How school gardening programs spark curiosity and develop lifelong learners
By Lyndsey Waugh
Wonderment. It’s perhaps one of the best things about childhood and what makes spending time with young children so enjoyable. To see the world again through their eyes… The spark of curiosity as clouds form across the sky, a sense of awe while quietly watching a spider slowly build a web, or wondering why some flowers close with the setting of the sun.
The joy of wonderment is a fundamental part of early childhood experiences, yet as we age, there is a shift. Curiosity is replaced with answers, structure, and schedules, and slowly wonderment becomes less and less noticeable, as responsibility and the pressures of growing up take hold.
School gardening programs embrace and encourage a child’s innate curiosity, melding wonderment with academics as children learn through hands-on lessons taught in the outdoor classroom.
“We often jump to the benefits that school gardening programs have on student academic outcomes because of their effectiveness in teaching science, math and other subject matters, but first and foremost, school gardening experiences help students keep a sense of wonderment alive as they begin to understand the world around them,” explains Em Shipman, executive director of KidsGardening.
This materializes as a lifelong love of learning. “We all know older people who still have that spark. They’re curious. They’re the 80-year-olds going out for a walk, slowing down to notice the leaves unfurling on trees as they pass by in spring, or who are hungrily reading new books and learning new things,” says Shipman.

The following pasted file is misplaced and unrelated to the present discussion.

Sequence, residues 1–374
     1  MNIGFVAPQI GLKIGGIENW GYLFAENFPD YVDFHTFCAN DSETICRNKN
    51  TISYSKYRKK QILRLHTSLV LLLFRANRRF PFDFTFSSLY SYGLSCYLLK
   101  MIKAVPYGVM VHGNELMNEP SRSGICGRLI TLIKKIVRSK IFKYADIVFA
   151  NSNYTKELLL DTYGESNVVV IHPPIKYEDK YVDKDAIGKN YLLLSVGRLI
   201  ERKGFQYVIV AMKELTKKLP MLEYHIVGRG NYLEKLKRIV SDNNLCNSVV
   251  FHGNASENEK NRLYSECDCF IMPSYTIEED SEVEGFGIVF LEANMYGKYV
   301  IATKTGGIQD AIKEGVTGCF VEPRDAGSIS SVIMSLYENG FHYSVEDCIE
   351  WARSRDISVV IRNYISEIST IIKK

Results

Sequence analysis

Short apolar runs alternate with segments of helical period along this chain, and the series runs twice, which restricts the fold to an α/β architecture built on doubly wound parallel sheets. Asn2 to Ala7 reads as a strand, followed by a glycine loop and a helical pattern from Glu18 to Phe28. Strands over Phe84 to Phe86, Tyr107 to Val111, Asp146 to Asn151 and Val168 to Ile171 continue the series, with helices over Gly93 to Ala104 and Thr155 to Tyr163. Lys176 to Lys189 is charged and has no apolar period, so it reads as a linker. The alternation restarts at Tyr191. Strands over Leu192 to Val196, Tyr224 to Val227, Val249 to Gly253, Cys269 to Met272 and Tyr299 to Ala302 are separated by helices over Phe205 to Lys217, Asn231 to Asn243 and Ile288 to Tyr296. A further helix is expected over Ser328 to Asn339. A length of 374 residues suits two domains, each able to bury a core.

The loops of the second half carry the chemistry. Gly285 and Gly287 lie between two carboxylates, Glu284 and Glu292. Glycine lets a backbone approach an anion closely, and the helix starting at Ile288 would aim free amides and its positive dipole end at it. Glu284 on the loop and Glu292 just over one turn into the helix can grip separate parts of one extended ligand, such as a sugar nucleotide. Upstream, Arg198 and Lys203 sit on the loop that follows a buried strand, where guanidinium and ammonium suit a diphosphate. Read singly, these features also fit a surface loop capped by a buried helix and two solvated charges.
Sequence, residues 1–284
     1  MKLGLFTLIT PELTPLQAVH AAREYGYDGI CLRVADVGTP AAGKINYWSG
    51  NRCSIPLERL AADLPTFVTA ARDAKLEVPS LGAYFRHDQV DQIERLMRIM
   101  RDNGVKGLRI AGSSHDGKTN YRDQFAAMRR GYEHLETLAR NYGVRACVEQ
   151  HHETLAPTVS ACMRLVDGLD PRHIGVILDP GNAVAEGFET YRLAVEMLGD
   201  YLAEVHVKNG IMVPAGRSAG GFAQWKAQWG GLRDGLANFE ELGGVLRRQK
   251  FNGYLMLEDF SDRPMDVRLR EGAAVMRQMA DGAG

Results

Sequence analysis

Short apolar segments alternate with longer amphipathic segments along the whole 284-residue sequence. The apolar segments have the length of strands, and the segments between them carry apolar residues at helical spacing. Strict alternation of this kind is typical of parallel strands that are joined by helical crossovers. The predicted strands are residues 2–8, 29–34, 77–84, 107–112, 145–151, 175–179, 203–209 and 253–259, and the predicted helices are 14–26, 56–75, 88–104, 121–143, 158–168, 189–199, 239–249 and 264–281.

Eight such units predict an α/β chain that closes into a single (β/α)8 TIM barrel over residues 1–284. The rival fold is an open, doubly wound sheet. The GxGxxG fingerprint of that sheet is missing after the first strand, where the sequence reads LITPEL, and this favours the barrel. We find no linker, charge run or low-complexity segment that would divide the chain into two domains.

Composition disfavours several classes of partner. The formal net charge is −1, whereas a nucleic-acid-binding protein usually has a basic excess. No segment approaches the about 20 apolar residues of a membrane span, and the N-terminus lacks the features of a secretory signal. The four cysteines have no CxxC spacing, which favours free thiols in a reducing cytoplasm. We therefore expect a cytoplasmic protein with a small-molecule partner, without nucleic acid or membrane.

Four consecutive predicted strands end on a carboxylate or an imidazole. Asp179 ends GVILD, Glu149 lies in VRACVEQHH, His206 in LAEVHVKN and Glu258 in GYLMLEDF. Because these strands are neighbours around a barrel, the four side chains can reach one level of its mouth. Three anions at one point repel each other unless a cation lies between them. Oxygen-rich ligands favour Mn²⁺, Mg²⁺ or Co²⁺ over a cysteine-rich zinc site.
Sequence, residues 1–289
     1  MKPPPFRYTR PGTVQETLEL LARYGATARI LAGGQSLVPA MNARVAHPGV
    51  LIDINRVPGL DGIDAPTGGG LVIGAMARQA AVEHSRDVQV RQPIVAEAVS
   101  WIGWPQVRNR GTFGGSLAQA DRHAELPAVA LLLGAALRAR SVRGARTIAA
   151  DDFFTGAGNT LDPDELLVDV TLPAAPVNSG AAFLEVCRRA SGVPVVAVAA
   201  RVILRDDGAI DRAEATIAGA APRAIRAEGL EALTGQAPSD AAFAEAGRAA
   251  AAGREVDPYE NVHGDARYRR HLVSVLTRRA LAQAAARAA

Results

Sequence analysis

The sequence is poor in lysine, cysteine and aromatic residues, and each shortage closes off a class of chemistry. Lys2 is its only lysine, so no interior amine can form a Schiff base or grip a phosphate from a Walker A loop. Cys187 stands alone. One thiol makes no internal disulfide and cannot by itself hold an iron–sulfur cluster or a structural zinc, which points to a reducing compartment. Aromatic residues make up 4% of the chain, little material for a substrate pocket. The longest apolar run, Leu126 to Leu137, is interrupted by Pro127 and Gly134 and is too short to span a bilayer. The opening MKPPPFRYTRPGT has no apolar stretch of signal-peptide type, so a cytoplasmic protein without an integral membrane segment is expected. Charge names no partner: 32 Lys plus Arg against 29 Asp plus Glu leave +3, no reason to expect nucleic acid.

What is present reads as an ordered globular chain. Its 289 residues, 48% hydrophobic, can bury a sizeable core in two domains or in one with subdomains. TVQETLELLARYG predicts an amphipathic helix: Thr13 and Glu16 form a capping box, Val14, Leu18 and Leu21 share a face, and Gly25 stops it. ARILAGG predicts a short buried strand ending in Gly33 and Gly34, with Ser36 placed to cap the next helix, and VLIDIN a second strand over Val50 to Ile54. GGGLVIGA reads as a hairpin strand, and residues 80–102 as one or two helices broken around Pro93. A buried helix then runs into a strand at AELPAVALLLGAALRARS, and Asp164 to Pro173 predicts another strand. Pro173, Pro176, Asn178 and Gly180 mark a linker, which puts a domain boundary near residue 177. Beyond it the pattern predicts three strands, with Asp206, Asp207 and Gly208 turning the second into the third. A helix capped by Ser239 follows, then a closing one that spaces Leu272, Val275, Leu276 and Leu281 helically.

But it’s more than that, she explains. Lifelong learners may also be able to navigate interpersonal relationships better, be more self-reflective, and maintain a healthier mindset because of their ability to adjust their perspective as greater insights or learnings unfold.
“Helping kids develop a lifelong love of learning will not only bring joy to their living experiences, but it also gives them a framework and motivation to seek out new answers and find the discovery process rewarding,” says Shipman. “This is core to building healthy relationships and perhaps even being willing to change career paths or be more accepting of different perspectives.”
Moses Thompson, director of University of Arizona’s School Garden Workshop, couldn’t agree more. Through a unique partnership with Tucson Unified School District, Thompson and his team support 70 school gardens, more than 30,000 students annually.
“Our school garden spaces are living classrooms where students are highly motivated to learn because the ability to connect with nature, observe plant life cycles, and grow their own fruits and vegetables feeds their curiosity in a way that engages all their senses,” says Thompson. “This heightens their learning experience and retention, which is great for all learners, especially those who sometimes struggle in a typical classroom setting.”
Manzo Elementary School is recognized nationally and internationally for its outstanding school garden programming, which is core to the school’s culture. Classrooms open into a central outdoor greenspace that serves as the anchor point to the garden program. There, a mix of raised and lowered garden beds filled with fresh vegetables are spread amongst a greenhouse where students oversee plant germination; a chicken coop where birds are rotated out to the grass area throughout the day to graze; and a fully operational aquaponics system, where plants and fish grow together in harmony. It’s a magical space, brimming with wonderment for students, parents, and teachers alike.